Neoliberalism, the broad set of ideas positing the market and market-centered values as the ultimate “civilizing” agent at home and abroad, has now structured our society for forty years. Ever since it began its gradual ascendance in 1973, we have experienced a marked increase in income inequality, witnessed the slow death of the labor union movement, and keenly felt a growing sense of anxiety. The task of the American Left has never been simpler and clearer—it’s to reconstitute the very idea of the public, in the hope that this reconstitution will generate a large-scale movement against neoliberalism.
As they seek to put flesh on the bones of this anti-neoliberal project, some point to the worsening of economic inequalities following Obama’s election (and reelection) in arguing we should turn away from identity politics and back to class politics, this time with a spiritually informed base.
I disagree. Race plays a prominent role in two aspects of the neoliberal turn—the rollback of progressive taxes and the rollback of welfare. We do need a more spiritually informed politics, but given how important the local terrain is in our political struggle, we need to understand the way “identity” and “class” politics come together.
Neoliberal Attacks on Taxes and Welfare
Click for larger view
View full resolution
The modern anti-tax movement began in California in 1978 with the passage of Prop 13. The proposition capped property taxes and made it impossible to pass tax increases in the state legislature without the support of a supermajority of state legislators. Prop 13 significantly reduced the revenue local governments need to provide public services and to educate public school students from kindergarten to graduate school. Two scholars, David Sears and Jack Citrin, studied the Prop 13 vote. In Tax Revolt: Something for Nothing in California, they report that the best predictors of support were neither class-based, nor party-based, nor even ideologically based. The best predictor was racial attitudes. The more “racially resentful” an individual was, the more likely he or she was to vote for Prop 13.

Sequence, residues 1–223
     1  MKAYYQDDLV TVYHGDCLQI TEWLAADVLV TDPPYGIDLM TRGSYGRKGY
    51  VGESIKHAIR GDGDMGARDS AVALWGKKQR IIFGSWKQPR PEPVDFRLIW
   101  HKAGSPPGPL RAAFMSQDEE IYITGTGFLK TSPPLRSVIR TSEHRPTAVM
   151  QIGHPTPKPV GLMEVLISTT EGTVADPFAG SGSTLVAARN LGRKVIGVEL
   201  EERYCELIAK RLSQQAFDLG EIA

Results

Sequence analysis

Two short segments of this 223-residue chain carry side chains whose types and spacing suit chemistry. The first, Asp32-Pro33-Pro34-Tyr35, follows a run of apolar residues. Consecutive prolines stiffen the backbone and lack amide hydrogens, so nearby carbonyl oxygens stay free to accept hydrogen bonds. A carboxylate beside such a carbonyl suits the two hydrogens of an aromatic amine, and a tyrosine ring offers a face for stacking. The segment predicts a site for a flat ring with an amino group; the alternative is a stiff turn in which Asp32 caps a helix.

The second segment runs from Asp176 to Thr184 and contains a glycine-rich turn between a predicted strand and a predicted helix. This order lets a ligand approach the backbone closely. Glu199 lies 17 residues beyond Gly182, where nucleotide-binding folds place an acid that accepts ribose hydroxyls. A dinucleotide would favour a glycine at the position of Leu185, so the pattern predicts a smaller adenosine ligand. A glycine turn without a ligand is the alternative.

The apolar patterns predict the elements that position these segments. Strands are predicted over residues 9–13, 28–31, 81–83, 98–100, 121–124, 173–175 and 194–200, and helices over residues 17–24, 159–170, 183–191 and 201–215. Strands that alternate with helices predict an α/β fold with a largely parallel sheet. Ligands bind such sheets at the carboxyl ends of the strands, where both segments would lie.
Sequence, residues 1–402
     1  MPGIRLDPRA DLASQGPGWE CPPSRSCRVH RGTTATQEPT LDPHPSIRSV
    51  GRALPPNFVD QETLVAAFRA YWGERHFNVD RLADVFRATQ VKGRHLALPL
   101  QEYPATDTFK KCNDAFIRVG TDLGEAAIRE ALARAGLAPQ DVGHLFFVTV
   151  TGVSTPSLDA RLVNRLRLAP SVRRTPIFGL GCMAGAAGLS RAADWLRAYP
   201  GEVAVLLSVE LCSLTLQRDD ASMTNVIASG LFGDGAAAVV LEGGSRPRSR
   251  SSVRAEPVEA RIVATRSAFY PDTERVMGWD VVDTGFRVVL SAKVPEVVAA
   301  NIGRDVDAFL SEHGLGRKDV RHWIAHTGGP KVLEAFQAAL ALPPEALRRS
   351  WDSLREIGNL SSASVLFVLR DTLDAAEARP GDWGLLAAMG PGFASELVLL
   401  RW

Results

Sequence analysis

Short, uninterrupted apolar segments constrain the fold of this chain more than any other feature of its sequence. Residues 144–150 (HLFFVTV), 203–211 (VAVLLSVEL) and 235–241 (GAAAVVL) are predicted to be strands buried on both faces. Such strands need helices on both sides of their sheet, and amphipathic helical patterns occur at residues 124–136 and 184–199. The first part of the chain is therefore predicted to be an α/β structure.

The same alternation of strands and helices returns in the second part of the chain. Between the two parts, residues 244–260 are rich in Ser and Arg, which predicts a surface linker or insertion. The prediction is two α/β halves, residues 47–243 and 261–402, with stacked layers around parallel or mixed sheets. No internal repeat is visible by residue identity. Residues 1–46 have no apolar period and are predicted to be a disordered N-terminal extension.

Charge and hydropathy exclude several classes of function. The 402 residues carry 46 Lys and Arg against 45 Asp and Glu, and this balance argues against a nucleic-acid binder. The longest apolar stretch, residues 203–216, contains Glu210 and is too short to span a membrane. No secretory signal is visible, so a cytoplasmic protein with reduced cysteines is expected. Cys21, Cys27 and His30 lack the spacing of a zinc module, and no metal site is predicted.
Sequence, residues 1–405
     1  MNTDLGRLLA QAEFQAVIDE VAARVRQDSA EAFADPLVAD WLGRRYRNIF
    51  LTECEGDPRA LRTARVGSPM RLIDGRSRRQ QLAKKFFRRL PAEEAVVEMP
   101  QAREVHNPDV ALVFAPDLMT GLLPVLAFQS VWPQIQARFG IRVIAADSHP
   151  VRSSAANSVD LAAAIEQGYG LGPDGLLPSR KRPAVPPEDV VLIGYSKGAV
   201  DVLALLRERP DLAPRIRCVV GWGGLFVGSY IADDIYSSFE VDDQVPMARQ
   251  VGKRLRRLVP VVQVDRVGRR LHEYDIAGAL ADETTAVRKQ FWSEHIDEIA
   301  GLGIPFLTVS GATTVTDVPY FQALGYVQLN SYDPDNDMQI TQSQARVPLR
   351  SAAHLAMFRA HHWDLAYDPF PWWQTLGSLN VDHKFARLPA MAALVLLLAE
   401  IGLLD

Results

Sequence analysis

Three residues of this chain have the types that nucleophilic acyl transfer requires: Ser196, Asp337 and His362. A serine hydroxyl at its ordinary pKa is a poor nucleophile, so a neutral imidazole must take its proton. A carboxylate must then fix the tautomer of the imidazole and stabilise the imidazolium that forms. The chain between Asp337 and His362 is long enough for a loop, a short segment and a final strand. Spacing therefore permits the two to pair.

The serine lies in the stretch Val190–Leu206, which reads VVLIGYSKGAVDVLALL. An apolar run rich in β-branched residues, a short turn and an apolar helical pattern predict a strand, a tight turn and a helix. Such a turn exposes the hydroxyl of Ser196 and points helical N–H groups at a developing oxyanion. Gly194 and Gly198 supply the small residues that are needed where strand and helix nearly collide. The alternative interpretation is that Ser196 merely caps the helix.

Over the past several decades, support for welfare has dropped like a rock while support for workfare has increased, even in the face of the recent economic crisis. This is because people tend to associate welfare with black women—a political project that fuses what we think of as “identity politics” with “class politics.” In recent years, as a result of the pernicious 1996 Personal Responsibility Work Opportunity Restoration Act, individual states have competed against each other in a race to the bottom to see which state can be the hardest on its welfare recipients. The same dynamic happens within states at the local level, because there’s not only first-order devolution (where the federal government makes the states responsible for administering the program) but also second-order devolution (where the states make individual counties and municipalities responsible). Research by Joe Soss, Richard Fording, and Sanford Schram—authors of Disciplining the Poor: Neoliberal Paternalism and the Persistent Power of Race—shows definitively that states and counties/municipalities with higher percentages of African Americans tend to be far harsher on welfare recipients than states and counties/municipalities with lower percentages, and that individual case workers are far more likely to be punitive when dealing with black recipients.
However, behaving as if identity politics were the solution is fool’s gold as well. Within discriminated-against racial populations, class tensions reduce support for progressive political alternatives and stifle political critique. In 1973 black voters elected Atlanta’s first black mayor, Maynard Jackson, with a great deal of fanfare. Less than three years after his election, Jackson responded to striking black union workers by arguing their strike was a white-sponsored plot against him, suppressing black support for them. It’s become increasingly common to hear black elected officials speak about the capacity of the (black) poor in ways that we would call...